The houses of the original population were built in Dubai barasti style, made of dried palm leaves, called Areesh, covered in mats or panels (usually imported from Iran or Oman) and wooden poles (since there are no trees in the desert the wood was imported from India). The wooden doors were also imported from India. No nails were used.
Despite the simplicity of its organization, the design of the houses was very effective to deal with extreme temperatures.
These houses in this re-creation of a fishing village near the banks of Al Shindagha are very effecting in dropping down the torrid temperature.
Wind towers were built temporarily in summer and taken down during winter. Preferably the towers were located over the social area, mounted on poles planted in a square distribution. However, this type of house, despite its relatively low cost, was under continuous risk of collapsing due to fires or storms.
SEDENTARY LIFE AND MANSONRY
The Persian immigration during the 19th century, brought to Dubai new and more stable construction method , coupled with the increasing development and modernization of Dubai, leading to sedentarization.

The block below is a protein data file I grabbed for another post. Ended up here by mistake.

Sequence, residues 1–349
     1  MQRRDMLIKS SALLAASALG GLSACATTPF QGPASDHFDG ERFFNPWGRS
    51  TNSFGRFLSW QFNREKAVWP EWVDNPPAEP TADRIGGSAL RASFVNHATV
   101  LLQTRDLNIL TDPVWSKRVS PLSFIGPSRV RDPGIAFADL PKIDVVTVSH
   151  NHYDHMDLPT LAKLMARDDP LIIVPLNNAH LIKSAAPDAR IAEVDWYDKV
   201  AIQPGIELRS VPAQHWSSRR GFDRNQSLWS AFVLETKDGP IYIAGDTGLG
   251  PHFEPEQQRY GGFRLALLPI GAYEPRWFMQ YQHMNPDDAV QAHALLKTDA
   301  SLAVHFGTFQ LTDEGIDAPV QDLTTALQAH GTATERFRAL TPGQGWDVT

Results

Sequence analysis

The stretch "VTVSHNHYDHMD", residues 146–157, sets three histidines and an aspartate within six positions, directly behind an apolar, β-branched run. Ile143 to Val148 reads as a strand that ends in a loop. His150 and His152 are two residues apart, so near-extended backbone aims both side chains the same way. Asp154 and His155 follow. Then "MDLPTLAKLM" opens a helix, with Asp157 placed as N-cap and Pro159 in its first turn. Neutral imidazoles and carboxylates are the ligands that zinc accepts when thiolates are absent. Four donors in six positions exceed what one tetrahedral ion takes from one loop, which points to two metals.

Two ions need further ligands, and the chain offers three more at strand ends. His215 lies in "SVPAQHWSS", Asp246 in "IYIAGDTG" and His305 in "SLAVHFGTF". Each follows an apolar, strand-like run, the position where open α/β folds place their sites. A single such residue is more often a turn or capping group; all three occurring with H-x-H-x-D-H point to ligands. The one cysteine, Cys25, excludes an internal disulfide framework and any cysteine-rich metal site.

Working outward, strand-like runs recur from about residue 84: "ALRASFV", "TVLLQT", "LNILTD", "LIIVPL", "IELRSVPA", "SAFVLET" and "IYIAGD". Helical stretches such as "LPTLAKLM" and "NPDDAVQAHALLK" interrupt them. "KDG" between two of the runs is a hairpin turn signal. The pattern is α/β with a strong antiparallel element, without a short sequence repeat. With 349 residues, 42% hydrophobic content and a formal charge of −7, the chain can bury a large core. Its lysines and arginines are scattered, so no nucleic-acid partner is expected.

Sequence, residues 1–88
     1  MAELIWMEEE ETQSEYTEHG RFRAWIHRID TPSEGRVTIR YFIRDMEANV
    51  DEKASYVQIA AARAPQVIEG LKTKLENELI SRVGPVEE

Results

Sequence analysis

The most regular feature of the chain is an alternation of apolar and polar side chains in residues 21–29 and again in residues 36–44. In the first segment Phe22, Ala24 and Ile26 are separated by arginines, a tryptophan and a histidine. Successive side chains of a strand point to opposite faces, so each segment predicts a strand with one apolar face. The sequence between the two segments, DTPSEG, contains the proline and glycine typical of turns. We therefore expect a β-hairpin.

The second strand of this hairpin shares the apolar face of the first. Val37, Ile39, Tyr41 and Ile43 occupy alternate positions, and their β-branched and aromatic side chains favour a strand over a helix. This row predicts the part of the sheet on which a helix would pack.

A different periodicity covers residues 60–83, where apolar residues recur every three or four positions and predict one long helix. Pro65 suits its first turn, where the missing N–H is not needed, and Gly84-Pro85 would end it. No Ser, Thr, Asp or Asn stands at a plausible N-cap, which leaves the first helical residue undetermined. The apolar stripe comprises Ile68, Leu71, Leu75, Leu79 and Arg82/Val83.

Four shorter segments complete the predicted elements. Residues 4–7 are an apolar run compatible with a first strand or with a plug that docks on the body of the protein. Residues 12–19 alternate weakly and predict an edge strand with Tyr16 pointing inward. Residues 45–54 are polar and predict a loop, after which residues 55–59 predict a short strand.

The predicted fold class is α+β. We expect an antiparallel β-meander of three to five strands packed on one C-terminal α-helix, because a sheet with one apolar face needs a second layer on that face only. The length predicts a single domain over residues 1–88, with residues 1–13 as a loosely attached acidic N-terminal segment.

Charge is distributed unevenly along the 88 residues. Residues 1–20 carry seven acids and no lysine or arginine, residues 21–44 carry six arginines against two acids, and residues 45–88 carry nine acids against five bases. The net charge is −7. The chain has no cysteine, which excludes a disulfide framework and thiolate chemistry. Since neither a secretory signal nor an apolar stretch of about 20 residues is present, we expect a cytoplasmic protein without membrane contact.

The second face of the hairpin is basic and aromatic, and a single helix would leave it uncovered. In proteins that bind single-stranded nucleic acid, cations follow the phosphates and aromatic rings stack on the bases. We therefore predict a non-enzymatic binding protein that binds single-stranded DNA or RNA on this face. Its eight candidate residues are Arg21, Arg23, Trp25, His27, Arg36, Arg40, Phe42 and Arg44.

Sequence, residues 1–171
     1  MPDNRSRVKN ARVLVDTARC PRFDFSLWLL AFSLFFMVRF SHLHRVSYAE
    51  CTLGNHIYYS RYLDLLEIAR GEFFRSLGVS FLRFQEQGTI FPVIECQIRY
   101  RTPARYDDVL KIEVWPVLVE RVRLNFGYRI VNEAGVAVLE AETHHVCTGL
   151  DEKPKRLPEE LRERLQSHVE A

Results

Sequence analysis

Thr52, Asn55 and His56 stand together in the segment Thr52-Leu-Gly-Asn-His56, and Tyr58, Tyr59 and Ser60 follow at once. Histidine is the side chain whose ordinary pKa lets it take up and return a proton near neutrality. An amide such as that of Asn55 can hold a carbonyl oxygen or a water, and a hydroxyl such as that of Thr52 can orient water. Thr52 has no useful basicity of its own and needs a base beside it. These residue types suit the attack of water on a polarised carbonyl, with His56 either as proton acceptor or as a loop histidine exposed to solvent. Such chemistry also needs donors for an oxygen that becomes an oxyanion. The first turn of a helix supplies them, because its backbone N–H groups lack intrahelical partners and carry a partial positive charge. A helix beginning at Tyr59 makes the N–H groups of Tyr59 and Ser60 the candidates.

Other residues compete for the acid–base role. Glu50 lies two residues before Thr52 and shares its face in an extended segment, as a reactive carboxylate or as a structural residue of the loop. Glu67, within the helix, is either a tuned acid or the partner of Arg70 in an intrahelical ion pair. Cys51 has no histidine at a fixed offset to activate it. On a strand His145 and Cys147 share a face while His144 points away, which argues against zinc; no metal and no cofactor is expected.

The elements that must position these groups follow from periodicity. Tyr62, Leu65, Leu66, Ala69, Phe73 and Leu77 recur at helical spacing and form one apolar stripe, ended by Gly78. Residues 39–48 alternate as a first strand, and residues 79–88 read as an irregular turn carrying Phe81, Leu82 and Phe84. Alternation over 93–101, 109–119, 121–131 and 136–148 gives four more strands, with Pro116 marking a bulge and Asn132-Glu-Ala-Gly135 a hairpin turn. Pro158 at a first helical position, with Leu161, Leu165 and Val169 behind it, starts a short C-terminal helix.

The new techniques used underwater stone and coral. The mortars used lime deposits found in the estuary. Coral and shells were also burnt to be used as lime for plastering the walls. The sarooj was a kind of cement imported from Iran and used as waterproof material, often used in the finishing of baths. Interestingly, the stones were arranged diagonally, changing its direction alternately, forming a zigzag pattern.
Different types of wood were used for the structure, or for doors and windows. The wood was imported from the African coast (particularly from Tanzania) and India. Because the sand was not a propitious ground to support large loads, the interior walls tended to be lighter and not have a very deep foundation.
The first houses built of masonry had two stories, organized in simple layouts. One example is the house of Um Al Sheef Maljis Ghorfat that despite having been made in the 50s, was built in the style of the first houses. Just as all vernacular architecture in the Emirates, it is very simple, practical and functional, expressing their technology and designed to meet the demands of a harsh environment.
The construction is light, the mezzanines are supported by a lattice of wooden beams that support coral stones.
The interior is a unique room, with windows located on both sides and at different heights, creating cross ventilation when opened. The small circular upper holes allow warm air to escape, which tends to rise toward the ceiling of the room.
To reduce the effect of the heat, the houses were built very close together forming narrow passages (sikka) so that the high walls of buildings provide shade during much of the day.